In the early days of the public Internet there was a joke that, “On the internet, nobody knows you're a dog.” Well, I'm more of a cat person. Or cat-person, to be precise.
Throughout our lives we show different sides of ourselves to different people, usually without even thinking about it. Just being in a work, or family, or friend setting will mean we're perceived differently by the people who only know us in those contexts. It's as though we wear different masks for different occasions.
One of my masks had whiskers and a different name. It was the mid-90s and I was 15 when I first thought Makali up, and I had a lot of fun talking to people through him. There turned out to be a whole bunch of other people who pretend they're animals online too, and some of them are pretty great. I think you have to be pretty open-minded and creative to hang out with people who pretend to be dogs and cats, and foxes and the like, and those are traits I find pretty appealing.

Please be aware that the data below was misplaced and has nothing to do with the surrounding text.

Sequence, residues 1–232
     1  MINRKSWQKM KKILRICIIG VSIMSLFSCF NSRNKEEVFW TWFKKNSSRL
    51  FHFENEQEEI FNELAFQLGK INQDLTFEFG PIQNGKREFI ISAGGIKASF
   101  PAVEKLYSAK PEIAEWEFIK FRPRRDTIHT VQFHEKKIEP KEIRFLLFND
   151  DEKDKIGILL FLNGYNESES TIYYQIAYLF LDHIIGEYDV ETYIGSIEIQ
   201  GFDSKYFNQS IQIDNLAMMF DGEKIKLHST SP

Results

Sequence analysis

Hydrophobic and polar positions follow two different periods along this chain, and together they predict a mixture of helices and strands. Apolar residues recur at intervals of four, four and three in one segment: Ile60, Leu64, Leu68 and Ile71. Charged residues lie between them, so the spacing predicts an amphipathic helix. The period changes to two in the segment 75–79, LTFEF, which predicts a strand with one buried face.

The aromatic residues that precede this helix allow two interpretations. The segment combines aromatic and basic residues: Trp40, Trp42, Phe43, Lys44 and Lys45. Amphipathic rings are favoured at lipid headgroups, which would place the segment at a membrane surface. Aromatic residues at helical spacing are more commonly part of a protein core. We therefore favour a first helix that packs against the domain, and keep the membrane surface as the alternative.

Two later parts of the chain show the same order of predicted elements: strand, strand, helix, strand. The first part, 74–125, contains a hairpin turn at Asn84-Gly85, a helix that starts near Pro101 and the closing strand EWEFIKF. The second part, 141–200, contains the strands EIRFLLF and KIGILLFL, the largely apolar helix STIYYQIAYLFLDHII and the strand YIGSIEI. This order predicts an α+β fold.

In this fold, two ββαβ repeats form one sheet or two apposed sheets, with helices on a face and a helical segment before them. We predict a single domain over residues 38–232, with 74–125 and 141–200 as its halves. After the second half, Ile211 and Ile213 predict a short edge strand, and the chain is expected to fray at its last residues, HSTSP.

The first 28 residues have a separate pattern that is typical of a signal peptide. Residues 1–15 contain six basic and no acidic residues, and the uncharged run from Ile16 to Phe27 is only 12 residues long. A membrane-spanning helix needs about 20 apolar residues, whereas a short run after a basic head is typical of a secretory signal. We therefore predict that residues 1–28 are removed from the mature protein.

But it wasn't just fun, he was a buffer too; a way to feel safe among strangers, and a way to control who to allow into my personal life. I think that having an alter-ego really helped me to think about my real identity, and how I approached and thought about other people, too.
Makali grew and changed with me for almost 20 years, but after a while he became a bit too familiar, too settled to keep changing with me as I kept growing into who I am today. I'll always remember him fondly, and I'll always be a cat-person on the internet.